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berry

[ ber-ee ]
/ ˈbɛr i /
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noun, plural ber·ries.
verb (used without object), ber·ried, ber·ry·ing.
to gather or pick berries: We went berrying this morning.
to bear or produce berries.

VIDEO FOR BERRY

Are These Foods Fruits, Vegetables, Or Berries?

How can we know what is a fruit? A vegetable? A berry? A nut? Doesn't it seem like it's always changing? Why is it so confusing?

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Origin of berry

before 1000; Middle English berie,Old English beri(g)e; cognate with Old Saxon, Old High German beri (German Beere), Old Norse ber<Germanic basjá-; akin to Dutch besie,Gothic -basi<Germanic básja-

OTHER WORDS FROM berry

ber·ry·less, adjectiveber·ry·like, adjective

WORDS THAT MAY BE CONFUSED WITH berry

berry , bury

Other definitions for berry (2 of 2)

Berry
[ ber-ee; for 2 also French be-ree ]
/ ˈbɛr i; for 2 also French bɛˈri /

noun
Charles Edward Anderson "Chuck", 1926–2017, U.S. rock-'n'-roll singer, musician, and composer.
Also Berri. a former province in central France.
Dictionary.com Unabridged Based on the Random House Unabridged Dictionary, © Random House, Inc. 2022

MORE ABOUT BERRY

What does berry mean?

A berry is a small, stoneless, juicy fruit.

Commonly, a berry is any small fruit that has no pit and usually produces juice. Berries range from sweet, such as the blueberry, to sour, such as the raspberry.

In botany, a berry is specifically a fruit with a pulpy outer wall and many seeds. Botanically, then, some fruits commonly thought of as berries are not actually berries, including strawberries, blackberries, and raspberries. Fruits that botanically are berries include blueberries, bananas, grapes, and tomatoes.

Less commonly, berry can also refer to a dry seed or kernel.

As a verb, to berry means to pick berries or to produce berries.

Example: We picked berries today, filling up three whole baskets.

Where does berry come from?

The first records of the term berry come from before the year 1000. It ultimately comes from the Old English berige.

The fruit we commonly refer to as berries are known for containing high levels of antioxidants, which may protect against heart disease or cancer. They are also high in vitamin C and other vitamins that protect the immune system.

Did you know … ?

What are some other forms related to berry?

  • berryless (adjective)
  • berrylike (adjective)

What are some synonyms for berry?

What are some words that share a root or word element with berry?

What are some words that often get used in discussing berry?

How is berry used in real life?

Berry is most often used to refer to a small, juicy fruit, whether it is botanically a true berry or not.

 

 

Try using berry!

True or False?

What we commonly call a berry is the same as a botanical berry.

How to use berry in a sentence

British Dictionary definitions for berry (1 of 2)

berry
/ (ˈbɛrɪ) /

noun plural -ries
any of various small edible fruits such as the blackberry and strawberry
botany an indehiscent fruit with two or more seeds and a fleshy pericarp, such as the grape or gooseberry
any of various seeds or dried kernels, such as a coffee bean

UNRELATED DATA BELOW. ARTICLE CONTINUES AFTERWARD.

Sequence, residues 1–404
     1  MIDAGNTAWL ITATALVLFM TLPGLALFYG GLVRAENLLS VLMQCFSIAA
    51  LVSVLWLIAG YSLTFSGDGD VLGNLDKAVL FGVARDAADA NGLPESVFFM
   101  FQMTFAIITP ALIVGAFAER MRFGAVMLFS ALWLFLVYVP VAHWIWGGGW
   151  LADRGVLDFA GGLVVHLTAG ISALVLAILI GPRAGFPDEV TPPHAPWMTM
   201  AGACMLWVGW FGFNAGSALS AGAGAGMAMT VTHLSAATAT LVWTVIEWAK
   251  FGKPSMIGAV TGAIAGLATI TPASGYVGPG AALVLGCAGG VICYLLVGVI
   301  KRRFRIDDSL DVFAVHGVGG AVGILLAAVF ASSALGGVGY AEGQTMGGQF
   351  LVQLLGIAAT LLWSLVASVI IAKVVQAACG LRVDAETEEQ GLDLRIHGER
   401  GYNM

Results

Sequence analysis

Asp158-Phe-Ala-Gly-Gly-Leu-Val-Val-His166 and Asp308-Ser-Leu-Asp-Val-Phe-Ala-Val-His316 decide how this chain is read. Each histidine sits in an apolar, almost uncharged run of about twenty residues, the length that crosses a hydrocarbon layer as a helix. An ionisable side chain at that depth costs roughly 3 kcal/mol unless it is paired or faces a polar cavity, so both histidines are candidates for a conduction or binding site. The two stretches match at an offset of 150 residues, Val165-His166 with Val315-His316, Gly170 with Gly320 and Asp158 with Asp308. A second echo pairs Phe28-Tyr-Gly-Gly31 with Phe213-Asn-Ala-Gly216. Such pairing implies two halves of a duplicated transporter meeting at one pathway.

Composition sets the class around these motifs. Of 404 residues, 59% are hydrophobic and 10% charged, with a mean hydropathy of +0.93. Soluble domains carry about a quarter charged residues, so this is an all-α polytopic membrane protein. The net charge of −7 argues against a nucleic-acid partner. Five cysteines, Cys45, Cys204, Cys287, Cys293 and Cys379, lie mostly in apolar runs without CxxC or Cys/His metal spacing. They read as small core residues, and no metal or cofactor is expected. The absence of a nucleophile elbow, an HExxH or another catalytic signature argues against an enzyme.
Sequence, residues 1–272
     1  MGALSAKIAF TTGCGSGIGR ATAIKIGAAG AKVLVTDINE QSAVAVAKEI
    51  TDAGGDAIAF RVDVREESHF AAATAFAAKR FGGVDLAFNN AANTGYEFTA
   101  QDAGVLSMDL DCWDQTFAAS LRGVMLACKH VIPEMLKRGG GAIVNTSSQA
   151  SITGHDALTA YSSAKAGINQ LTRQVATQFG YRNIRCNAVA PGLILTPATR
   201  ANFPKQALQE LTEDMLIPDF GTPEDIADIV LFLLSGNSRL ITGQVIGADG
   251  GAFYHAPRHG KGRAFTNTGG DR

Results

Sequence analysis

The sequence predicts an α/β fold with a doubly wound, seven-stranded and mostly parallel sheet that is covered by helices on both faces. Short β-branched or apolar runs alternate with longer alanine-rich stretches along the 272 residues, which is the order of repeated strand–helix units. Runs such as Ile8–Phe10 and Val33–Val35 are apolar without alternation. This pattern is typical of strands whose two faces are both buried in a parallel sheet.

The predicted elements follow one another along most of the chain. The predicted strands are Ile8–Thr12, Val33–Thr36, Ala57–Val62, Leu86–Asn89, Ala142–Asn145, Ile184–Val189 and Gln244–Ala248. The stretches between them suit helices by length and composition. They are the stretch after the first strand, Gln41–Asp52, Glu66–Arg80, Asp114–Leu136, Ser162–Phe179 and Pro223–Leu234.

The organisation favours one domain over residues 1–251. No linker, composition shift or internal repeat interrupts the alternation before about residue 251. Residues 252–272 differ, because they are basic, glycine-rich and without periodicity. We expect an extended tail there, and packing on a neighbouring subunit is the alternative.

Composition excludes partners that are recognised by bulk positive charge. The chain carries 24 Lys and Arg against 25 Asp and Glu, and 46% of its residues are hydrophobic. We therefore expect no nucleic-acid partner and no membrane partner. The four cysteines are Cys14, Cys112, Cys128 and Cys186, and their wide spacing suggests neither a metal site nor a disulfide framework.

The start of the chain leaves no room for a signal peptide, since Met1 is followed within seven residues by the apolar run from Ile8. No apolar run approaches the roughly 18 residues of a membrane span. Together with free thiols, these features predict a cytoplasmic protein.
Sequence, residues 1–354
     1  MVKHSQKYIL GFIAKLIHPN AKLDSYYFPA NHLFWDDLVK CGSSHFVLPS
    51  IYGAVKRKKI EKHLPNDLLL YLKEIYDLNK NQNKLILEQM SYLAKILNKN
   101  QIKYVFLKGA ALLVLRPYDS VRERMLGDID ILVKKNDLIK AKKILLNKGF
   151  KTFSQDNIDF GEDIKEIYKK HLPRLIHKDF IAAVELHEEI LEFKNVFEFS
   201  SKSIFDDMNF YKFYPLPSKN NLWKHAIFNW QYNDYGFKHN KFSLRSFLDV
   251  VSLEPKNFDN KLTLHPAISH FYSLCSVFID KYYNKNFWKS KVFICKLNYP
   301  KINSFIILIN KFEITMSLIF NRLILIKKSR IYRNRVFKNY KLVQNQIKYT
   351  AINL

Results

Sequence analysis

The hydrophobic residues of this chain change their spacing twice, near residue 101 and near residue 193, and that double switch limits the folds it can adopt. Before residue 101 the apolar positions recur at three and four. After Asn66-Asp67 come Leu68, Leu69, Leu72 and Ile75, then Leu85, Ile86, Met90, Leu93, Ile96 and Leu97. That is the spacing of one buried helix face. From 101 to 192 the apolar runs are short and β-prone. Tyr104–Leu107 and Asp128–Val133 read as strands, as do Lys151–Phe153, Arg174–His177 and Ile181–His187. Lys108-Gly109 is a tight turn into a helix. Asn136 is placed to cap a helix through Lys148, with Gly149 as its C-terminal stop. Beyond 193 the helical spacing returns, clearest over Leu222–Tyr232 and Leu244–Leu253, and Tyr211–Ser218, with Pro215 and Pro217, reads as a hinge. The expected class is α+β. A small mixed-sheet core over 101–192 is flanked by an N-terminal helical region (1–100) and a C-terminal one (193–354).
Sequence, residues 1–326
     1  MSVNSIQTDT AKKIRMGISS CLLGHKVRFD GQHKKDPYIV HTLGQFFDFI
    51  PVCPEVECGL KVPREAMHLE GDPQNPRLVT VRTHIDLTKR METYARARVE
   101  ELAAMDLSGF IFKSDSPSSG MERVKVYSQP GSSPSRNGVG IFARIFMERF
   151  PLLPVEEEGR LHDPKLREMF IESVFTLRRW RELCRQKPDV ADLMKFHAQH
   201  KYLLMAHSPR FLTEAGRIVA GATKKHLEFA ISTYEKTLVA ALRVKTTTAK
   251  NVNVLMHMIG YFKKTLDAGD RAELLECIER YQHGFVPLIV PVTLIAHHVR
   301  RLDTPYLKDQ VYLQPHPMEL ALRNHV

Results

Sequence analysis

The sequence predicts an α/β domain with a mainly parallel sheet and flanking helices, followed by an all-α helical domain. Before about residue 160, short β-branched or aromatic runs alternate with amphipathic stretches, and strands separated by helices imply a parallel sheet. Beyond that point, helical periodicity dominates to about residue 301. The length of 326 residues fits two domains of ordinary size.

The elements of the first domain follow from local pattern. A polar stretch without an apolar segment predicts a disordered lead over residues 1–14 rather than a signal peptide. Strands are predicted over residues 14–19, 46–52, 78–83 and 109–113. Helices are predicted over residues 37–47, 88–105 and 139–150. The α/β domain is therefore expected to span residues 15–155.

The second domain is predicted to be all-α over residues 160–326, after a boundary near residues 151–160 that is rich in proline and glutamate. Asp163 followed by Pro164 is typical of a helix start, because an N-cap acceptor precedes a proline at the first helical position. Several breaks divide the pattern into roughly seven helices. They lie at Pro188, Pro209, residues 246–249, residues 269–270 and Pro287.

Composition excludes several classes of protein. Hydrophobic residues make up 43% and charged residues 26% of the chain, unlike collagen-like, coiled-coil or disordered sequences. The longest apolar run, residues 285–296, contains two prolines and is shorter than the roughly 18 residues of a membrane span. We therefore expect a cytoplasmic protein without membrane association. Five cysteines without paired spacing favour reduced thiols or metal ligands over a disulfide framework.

the egg of a lobster, crayfish, or similar animal
verb -ries, -rying or -ried (intr)
to bear or produce berries
to gather or look for berries

Derived forms of berry

berried, adjective

Word Origin for berry

Old English berie; related to Old High German beri, Dutch bezie

British Dictionary definitions for berry (2 of 2)

Berry

noun
(ˈbɛrɪ) Chuck, full name Charles Edward Berry . born 1926, US rock-and-roll guitarist, singer, and songwriter. His frequently covered songs include "Maybellene" (1955), "Roll Over Beethoven" (1956), "Johnny B. Goode" (1958), "Memphis, Tennessee" (1959), and "Promised Land" (1964)
(French bɛri) Jean de France (ʒɑ̃ də frɑ̃s), Duc de. 1340–1416, French prince, son of King John II; coregent (1380–88) for Charles VI and a famous patron of the arts
Collins English Dictionary - Complete & Unabridged 2012 Digital Edition © William Collins Sons & Co. Ltd. 1979, 1986 © HarperCollins Publishers 1998, 2000, 2003, 2005, 2006, 2007, 2009, 2012

Scientific definitions for berry

berry
[ bĕrē ]

A simple fruit that has many seeds in a fleshy pulp. Grapes, bananas, tomatoes, and blueberries are berries. Compare drupe pome. See more at simple fruit.
A seed or dried kernel of certain kinds of grain or other plants such as wheat, barley, or coffee.

Usage

Cucumbers and tomatoes aren't usually thought of as berries, but to a botanist they are in fact berries, while strawberries and raspberries are not. In botany, a berry is a fleshy kind of simple fruit consisting of a single ovary that has multiple seeds. Other true berries besides cucumbers and tomatoes are bananas, oranges, grapes, and blueberries. Many fruits that are popularly called berries have a different structure and thus are not true berries. For example, strawberries and raspberries are aggregate fruits, developed from multiple ovaries of a single flower. The mulberry is not a true berry either. It is a multiple fruit, like the pineapple, and is made up of the ovaries of several individual flowers.
The American Heritage® Science Dictionary Copyright © 2011. Published by Houghton Mifflin Harcourt Publishing Company. All rights reserved.
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